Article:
Gulf Coast University seeks new president


Published: Saturday, January 20, 2007 at 6:01 a.m.
Last Modified: Friday, January 19, 2007 at 11:27 p.m.

On the heels of President William Merwin's resignation in a scandalous affair, Florida Gulf Coast University is looking for a new leader on campus.

A 14-member committee has been named to screen and interview potential candidates to fill the shoes of the man credited with increasing enrollment and the school's presence throughout Southwest Florida.

Merwin stepped down from his post Wednesday at an emergency meeting of the FGCU Board of Trustees, where he admitted to an affair with a female faculty member.

Merwin, 67, headed the university for eight years and is married with three children.

"My personal hope is we're able to move as quickly as possible and have a president during the late summer or fall of this year," said Scott Lutgert, chairman of the trustees.

In the meantime, Richard Pegnetter, dean of the FGCU College of Business, will serve as interim president based at the main campus in Estero near Fort Myers.

Kirt Gallatin, president of FGCU student government, said students are taking the shift in stride.

"The students are supporting Merwin and supporting the school in this," Gallatin said.

He said students place a lot of confidence in Pegnetter's ability to see the school through the transition.

"Everybody loves Pegnetter," Gallatin said. "He'll make sure we save face with this."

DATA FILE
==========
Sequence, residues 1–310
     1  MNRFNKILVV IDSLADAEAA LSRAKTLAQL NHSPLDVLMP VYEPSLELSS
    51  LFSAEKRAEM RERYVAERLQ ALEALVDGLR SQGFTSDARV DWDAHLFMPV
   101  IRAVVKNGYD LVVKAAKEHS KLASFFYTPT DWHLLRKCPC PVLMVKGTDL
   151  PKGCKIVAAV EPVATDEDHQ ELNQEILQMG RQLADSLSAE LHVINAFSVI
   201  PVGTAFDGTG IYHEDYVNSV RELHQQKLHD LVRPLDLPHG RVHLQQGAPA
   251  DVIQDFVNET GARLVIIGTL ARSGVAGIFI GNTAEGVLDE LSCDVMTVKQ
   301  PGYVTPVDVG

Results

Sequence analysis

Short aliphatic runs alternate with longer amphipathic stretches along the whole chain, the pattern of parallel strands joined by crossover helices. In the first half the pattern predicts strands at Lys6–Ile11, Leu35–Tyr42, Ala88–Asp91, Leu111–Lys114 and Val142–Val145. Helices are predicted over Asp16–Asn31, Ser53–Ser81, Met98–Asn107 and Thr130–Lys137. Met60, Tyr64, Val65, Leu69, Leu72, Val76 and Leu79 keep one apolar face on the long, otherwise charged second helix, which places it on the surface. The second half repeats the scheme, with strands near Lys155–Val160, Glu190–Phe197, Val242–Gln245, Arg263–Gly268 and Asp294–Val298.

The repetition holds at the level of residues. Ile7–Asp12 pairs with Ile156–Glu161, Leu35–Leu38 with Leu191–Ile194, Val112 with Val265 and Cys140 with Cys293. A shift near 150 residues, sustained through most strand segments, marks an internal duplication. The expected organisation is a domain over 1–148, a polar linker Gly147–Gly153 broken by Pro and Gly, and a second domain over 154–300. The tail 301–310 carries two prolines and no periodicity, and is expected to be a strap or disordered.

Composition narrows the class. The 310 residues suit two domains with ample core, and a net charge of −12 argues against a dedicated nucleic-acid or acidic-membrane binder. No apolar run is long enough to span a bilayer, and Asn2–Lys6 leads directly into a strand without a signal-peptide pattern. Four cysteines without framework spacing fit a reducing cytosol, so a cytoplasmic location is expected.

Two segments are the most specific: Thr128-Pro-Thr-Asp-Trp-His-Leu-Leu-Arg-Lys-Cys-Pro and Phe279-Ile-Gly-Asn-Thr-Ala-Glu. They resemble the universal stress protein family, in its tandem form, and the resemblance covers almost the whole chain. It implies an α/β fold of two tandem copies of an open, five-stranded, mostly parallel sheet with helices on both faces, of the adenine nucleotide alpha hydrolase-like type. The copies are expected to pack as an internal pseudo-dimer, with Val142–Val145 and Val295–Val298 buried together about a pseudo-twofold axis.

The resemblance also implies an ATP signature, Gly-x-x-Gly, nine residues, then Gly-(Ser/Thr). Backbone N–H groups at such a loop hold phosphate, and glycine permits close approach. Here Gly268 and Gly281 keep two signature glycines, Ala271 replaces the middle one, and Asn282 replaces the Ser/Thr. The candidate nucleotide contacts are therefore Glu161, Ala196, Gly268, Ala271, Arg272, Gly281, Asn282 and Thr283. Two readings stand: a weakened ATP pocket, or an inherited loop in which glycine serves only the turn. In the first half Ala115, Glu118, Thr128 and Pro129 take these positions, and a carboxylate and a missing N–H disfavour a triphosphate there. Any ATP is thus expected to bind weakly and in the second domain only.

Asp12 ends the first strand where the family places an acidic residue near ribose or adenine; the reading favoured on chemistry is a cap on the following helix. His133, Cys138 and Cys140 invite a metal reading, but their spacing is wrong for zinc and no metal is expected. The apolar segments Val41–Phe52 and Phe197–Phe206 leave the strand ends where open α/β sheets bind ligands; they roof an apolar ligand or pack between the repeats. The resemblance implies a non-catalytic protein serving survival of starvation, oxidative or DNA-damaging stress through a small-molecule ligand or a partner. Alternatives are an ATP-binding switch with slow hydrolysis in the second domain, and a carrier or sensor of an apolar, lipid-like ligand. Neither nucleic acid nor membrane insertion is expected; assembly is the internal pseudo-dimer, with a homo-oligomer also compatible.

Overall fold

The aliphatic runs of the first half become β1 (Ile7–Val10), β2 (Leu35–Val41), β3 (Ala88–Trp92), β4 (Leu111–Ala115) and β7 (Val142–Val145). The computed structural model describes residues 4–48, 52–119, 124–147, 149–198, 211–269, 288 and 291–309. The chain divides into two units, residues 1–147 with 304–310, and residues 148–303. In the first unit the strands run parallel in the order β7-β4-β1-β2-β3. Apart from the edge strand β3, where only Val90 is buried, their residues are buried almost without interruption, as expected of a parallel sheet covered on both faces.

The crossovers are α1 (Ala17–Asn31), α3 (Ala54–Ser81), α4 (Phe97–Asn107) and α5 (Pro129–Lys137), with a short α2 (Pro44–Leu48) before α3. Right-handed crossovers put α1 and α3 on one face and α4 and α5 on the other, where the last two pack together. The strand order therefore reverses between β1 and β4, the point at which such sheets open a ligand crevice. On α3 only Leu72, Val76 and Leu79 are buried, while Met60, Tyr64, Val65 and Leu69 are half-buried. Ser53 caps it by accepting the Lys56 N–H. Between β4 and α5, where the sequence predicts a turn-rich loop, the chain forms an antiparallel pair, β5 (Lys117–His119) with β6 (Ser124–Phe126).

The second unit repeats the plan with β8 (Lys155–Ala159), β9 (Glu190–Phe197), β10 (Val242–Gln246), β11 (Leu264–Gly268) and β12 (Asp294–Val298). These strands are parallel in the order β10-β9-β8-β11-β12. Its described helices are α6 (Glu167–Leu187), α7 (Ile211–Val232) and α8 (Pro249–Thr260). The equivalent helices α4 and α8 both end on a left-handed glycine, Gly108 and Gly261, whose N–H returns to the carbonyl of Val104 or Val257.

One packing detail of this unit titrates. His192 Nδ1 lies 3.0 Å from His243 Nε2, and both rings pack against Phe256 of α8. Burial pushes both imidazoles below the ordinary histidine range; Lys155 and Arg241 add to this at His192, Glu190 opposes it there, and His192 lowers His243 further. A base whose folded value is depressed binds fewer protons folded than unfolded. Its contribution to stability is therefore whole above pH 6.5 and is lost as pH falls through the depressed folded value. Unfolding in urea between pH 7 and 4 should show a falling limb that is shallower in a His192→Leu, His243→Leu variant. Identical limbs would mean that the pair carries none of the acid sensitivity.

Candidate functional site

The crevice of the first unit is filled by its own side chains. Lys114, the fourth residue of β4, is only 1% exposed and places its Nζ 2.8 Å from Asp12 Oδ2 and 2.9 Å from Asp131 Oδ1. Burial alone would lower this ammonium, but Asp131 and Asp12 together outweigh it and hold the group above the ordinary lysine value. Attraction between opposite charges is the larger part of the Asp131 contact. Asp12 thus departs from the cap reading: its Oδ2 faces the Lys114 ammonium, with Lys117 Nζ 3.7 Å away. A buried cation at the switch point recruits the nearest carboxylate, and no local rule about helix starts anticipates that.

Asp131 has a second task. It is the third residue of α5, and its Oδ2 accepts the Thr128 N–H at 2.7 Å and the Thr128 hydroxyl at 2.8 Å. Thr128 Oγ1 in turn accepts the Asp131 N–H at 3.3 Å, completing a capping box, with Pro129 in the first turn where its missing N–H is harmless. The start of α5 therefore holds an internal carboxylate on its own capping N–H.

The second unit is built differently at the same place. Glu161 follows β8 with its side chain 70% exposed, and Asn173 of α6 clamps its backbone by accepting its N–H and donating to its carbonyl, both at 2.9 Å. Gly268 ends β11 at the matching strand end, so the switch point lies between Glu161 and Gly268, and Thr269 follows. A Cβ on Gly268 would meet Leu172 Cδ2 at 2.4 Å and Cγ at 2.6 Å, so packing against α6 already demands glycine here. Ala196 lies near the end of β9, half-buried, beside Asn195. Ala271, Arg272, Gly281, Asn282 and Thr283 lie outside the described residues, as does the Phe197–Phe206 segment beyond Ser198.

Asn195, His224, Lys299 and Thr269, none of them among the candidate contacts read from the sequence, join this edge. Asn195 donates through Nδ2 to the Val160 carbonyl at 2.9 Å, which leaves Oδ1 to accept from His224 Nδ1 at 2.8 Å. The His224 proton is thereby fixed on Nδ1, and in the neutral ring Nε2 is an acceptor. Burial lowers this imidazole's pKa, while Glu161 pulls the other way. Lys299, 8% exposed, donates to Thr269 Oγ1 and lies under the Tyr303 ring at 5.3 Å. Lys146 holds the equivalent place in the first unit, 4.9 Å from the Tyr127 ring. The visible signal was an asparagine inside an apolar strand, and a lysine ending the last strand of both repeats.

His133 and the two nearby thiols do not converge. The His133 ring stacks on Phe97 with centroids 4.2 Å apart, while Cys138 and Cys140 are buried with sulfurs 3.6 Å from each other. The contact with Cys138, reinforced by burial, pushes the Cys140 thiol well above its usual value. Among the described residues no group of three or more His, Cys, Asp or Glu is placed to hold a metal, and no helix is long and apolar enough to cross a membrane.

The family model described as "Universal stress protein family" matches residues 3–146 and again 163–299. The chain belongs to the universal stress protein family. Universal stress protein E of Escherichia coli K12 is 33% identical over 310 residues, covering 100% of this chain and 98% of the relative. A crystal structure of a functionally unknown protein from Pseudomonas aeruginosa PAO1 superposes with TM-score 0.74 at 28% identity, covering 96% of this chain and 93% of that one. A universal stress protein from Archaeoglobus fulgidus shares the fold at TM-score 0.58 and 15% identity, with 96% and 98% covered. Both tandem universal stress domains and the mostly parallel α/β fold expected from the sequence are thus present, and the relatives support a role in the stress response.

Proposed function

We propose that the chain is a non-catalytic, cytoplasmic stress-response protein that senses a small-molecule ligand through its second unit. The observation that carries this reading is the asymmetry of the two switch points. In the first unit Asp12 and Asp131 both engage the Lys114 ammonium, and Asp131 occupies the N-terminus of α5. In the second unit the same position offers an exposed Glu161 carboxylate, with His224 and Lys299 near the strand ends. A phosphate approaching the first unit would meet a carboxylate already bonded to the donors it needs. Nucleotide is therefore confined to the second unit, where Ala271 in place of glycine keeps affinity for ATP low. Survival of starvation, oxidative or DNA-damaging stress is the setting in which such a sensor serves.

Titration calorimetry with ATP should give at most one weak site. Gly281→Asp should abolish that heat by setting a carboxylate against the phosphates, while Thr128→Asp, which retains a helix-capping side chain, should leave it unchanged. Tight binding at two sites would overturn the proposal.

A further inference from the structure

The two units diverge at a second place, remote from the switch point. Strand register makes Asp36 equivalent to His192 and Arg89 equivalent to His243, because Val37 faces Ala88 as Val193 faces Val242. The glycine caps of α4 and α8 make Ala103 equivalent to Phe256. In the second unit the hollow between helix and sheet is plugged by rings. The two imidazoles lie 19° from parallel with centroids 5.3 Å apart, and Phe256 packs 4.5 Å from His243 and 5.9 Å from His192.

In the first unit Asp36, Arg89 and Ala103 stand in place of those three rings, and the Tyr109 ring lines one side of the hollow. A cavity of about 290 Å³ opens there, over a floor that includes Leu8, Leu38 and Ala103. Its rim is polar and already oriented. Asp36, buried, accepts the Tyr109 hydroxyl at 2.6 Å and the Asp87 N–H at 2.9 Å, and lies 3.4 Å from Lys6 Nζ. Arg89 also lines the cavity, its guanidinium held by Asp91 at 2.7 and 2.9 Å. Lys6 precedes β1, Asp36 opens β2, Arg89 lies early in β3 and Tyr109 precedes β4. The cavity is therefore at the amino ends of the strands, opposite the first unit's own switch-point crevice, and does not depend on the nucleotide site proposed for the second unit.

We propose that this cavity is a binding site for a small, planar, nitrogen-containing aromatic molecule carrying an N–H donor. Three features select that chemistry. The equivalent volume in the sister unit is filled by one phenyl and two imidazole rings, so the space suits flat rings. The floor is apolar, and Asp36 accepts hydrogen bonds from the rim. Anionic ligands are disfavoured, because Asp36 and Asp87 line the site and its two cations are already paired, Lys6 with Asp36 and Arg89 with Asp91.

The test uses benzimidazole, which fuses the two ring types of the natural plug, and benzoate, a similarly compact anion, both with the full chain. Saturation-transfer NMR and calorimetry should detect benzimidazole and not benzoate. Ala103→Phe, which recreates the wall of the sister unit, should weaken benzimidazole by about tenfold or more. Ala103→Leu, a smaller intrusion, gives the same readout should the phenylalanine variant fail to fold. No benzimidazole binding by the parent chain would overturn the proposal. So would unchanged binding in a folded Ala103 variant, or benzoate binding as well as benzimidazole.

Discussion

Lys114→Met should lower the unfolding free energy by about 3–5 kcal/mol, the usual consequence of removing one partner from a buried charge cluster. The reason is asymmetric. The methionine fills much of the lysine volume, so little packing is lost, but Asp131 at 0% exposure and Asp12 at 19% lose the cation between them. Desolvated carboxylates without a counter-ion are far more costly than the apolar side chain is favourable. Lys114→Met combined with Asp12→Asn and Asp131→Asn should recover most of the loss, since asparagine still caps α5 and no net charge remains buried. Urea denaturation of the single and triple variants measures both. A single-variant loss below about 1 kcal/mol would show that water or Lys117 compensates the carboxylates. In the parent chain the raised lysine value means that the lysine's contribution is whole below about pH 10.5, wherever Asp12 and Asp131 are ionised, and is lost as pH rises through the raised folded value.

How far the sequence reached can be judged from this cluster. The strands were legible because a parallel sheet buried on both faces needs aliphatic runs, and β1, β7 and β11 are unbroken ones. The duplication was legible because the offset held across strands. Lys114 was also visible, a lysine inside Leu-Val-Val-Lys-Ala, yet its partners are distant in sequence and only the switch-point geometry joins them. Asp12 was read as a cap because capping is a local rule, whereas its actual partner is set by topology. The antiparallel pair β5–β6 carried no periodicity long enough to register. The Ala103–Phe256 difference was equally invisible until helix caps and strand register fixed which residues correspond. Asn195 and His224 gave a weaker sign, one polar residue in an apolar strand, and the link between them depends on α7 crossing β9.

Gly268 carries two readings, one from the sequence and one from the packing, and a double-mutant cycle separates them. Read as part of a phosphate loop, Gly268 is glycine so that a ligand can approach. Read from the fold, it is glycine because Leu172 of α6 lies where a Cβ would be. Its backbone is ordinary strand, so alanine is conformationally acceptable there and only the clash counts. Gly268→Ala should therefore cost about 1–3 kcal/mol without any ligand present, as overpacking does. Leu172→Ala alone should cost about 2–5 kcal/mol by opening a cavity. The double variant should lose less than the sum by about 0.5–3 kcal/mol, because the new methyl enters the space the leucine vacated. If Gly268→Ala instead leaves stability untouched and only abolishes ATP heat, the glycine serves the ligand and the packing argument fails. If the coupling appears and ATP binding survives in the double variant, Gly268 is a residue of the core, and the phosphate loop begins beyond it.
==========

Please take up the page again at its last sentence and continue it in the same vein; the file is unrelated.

Susan Evans, university spokeswoman, said she does not expect the change in leadership to have any effect on the university's strategic plans for expansion.

To accommodate enrollment projections, the university is looking to build several satellite campuses. Evans said FGCU anticipates enrollment will climb to 20,000 students in 10 years. By then, the main campus is expected to have reached capacity.

"I don't think a change in presidency will have an impact on enrollment growth," Evans said.

Florida Gulf Coast University opened its doors to students in 1997 as the state's 10th public university.

Lutgert said communities have been strong supporters of the university and that won't change with Merwin's resignation.

"It's very important that the university has a close relationship with Charlotte County," Lutgert said.

Merwin, whose yearly salary amounted to $298,000, announced his decision to step down from his position in front of a crowd of about 200 students and faculty.

In his prepared statement, he said he needed to give "personal issues" in his life "full attention."

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